Howard Thayer Kingsbury died in the 70th Street house on June 5, 1937 at the age of 67.  In reporting on his death The New York Times mentioned "He served as counsel to the Transit Commission in 1921, and 1922.  After the World War he represented British interests, including the government, as counsel in a number of cases in this country."

By the mid-1940s Howard Jr. was leasing the house to a close friend and business associate, Timothy J. Mulcare.  He and his wife, Lillian, had two daughters, Frances and Eileen, and a son, John.   Eileen was married on June 21, 1947 and her sister married James Alexander Phelan on October 31, 1953.

Oddly, following Timothy Mulcare's death in the house on March 7, 1957, his obituary did not mention any survivors.  Instead it simply described him as "for many years the faithful and trusted friend and employe[e] of Howard T. Kingsbury."

Howard retained ownership of the house until 1966.   Major interior renovations were done around 2005, when it was purchased by Susan Soros Weber, the former wife of billionaire George Soros,  She sold it in 2014 for a staggering $31 million.

The new buyer attempted to make a quick profit, putting the house back on the market the following year for $33 million.   There were no takers.  The price was reduced to $28 million, then $27, million, then in May 2016 to $22 million.   Despite its lavish interiors--real estate listings described five bedrooms, a 26-foot deep garden, a"glass-domed breakfast room," two terraces, and a celebrity next door neighbor (Woody Allen)--no one seemed interested.

Finally in November 2016 No. 116 sold for $19 million, a $12 million loss for the seller.

Despite all that, the Kingsbury house, with its distinctive copper bay, is a standout on the architecturally captivating block.

photographs by the author

Thursday, April 19, 2018

The 1891 Garfield Flats - 104 Forsyth Street

A coat of chocolate-colored paint covered the checkerboard terra cotta tiles and polished stone columns of the first floor.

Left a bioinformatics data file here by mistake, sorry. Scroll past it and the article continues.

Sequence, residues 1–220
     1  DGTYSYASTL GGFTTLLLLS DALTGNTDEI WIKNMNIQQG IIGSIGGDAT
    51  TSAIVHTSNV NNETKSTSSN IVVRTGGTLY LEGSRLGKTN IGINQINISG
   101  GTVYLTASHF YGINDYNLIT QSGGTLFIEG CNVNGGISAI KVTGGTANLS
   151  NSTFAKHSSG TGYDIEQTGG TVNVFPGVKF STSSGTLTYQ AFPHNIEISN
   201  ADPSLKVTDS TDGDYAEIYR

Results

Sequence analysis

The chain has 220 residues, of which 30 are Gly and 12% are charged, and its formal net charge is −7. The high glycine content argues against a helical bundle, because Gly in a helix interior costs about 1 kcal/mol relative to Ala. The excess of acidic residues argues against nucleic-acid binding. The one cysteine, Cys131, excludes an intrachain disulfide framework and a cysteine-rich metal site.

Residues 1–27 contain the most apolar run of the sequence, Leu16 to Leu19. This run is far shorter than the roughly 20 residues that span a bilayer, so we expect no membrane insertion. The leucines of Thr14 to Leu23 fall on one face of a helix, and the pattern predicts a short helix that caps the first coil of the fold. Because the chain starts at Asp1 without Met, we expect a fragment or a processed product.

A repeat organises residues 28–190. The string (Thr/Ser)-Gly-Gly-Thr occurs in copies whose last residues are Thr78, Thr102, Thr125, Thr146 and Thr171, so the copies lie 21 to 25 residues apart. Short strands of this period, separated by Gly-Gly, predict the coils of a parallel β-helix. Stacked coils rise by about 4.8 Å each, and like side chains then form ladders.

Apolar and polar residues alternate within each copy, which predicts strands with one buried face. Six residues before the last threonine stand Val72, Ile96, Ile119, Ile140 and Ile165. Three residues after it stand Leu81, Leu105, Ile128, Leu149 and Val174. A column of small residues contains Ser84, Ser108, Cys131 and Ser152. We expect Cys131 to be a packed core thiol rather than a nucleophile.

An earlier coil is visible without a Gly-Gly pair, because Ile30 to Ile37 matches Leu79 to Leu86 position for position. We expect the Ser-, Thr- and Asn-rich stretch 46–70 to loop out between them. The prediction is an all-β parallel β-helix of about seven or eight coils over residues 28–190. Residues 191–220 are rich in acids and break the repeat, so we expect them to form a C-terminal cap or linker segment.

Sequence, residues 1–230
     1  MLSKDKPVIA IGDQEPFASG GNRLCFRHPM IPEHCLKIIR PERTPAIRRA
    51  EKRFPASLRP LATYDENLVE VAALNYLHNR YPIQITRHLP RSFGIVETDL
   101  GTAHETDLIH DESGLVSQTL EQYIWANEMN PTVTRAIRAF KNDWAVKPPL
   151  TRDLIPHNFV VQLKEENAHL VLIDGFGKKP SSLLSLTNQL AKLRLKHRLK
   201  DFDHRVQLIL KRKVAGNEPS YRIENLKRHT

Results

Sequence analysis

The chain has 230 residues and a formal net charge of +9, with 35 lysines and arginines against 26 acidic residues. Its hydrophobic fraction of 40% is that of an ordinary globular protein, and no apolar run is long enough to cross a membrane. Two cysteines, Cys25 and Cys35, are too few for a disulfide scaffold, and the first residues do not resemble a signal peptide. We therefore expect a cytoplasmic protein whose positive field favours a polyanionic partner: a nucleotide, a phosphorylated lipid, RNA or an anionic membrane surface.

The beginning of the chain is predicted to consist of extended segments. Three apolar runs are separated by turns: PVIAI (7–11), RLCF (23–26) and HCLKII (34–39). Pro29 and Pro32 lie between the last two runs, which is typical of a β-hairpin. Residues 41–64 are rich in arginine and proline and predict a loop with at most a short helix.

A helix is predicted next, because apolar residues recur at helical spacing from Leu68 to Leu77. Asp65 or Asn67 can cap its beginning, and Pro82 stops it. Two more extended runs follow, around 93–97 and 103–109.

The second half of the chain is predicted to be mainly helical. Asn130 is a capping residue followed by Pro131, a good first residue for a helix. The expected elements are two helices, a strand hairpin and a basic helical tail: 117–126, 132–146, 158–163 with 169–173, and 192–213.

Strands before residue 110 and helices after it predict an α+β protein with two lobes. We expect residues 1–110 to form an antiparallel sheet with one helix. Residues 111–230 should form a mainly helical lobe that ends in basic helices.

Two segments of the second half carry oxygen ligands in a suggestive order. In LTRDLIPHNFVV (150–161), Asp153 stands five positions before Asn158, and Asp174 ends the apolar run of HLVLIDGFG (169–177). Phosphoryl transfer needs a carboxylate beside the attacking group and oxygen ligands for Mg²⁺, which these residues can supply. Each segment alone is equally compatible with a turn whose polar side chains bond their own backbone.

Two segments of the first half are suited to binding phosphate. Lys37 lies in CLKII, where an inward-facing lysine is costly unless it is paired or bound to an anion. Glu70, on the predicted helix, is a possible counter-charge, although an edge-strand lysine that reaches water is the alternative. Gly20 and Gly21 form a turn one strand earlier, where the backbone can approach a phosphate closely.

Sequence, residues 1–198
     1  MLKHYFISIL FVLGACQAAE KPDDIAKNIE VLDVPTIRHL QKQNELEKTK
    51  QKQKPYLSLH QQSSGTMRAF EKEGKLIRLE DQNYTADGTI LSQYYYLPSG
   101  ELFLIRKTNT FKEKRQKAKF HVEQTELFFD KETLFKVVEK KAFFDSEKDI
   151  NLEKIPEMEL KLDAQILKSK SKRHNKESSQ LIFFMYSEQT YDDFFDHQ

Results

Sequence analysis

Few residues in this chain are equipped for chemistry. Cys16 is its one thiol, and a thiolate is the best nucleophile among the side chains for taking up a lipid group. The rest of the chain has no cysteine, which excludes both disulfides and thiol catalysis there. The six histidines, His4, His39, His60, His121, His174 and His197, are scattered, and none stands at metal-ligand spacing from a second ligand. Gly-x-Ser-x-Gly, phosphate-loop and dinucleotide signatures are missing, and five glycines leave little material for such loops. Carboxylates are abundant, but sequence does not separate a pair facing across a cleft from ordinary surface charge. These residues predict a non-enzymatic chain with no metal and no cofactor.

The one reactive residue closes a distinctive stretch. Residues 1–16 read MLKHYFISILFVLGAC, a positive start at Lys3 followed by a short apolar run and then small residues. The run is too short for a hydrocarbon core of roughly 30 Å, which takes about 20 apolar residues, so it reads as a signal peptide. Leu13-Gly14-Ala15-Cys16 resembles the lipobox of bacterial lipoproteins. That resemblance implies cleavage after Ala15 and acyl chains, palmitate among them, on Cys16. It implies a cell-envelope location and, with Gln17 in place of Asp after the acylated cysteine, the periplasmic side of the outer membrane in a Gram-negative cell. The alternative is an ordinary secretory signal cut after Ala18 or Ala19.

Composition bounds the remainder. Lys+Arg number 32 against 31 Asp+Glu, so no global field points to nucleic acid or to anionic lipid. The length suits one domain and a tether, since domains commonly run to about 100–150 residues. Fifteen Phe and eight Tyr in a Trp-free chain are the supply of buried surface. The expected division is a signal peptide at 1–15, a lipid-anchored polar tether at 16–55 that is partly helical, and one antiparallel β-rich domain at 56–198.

A North Carolinian, Lt. Colonel Benjamin Forsyth was based in New York State during the War of 1812.  He was killed in action in June 1814 and became a hero in both his native state and in New York.  North Carolina named Forsyth County after him and in 1817 New York City changed the name of an eight-block stretch of 2nd Street to Forsyth Street.

The block of Forsyth Street between Broome and Grand Streets would be lined with prim brick-faced Federal style homes.  No. 104,  was a 25-foot wide, two-and-a-half story home with a wooden dwelling behind.  (In the rear yards of nearly each house on the block was be a small building--either a second house, a stable or a shop.)

The quiet residential block began to change in the years before the Civil War as thousands of immigrants poured into the Lower East Side.  Between 1859 and 1880 the number of Jews who settled in New York City had doubled--from 40,000 to 80,000.  Little Forsyth Street saw the construction of several synagogues, and private houses were either demolished to be replaced by tenements, or were converted to shops.

No. 104 had a store on the first floor in January 1890 when Albert Stake bought the property.  While he lived on Staten Island, he made his livelihood in Manhattan, buying and selling real estate as well as insurance.

Stake wasted no time in setting his plans for the Forsyth Street property in motion.  Twelve days after the purchase architect A. I. Finkle filed plans for a five-story "brick and stone flat" to cost $17,000, or about $475,000 today.

Mostly forgotten today, Finkle was busy in the 1880's and '90's designing, for the most part, tenement buildings.   Aimed at low income families, the buildings offered little in amenities but were often lavished on the outside with overblown ornamentation.  Finkle did not disappoint with his design for No. 104, and threw in a heavy splash of patriotism and sentiment.

Nearly a decade had elapsed since the assassination of President James A. Garfield, but public emotions were still strong.  Stake dubbed his building The Garfield and Finkle announced its name in a flowing banner in the pressed metal cornice, along with a patriotic shield.

A centered stone stoop let to the entrance under a portico upheld by polished stone columns.  A quilt of Queen Anne style terra cotta tiles graced the upper portion of the first floor facade.  Finkle did not hold back on the succeeding levels.  A burst of colors and materials graced the second floor--brownstone, limestone, terra cotta, and brick.  Winged faces upheld floating pairs of Corinthian pilasters, the tympana above the windows were decorated with delicate vines, and the spandrels were filled with multicolored tiles.  Carved Renaissance Revival panels formed the bases of the three-story piers above, which terminated in terra cotta Corinthian capitals.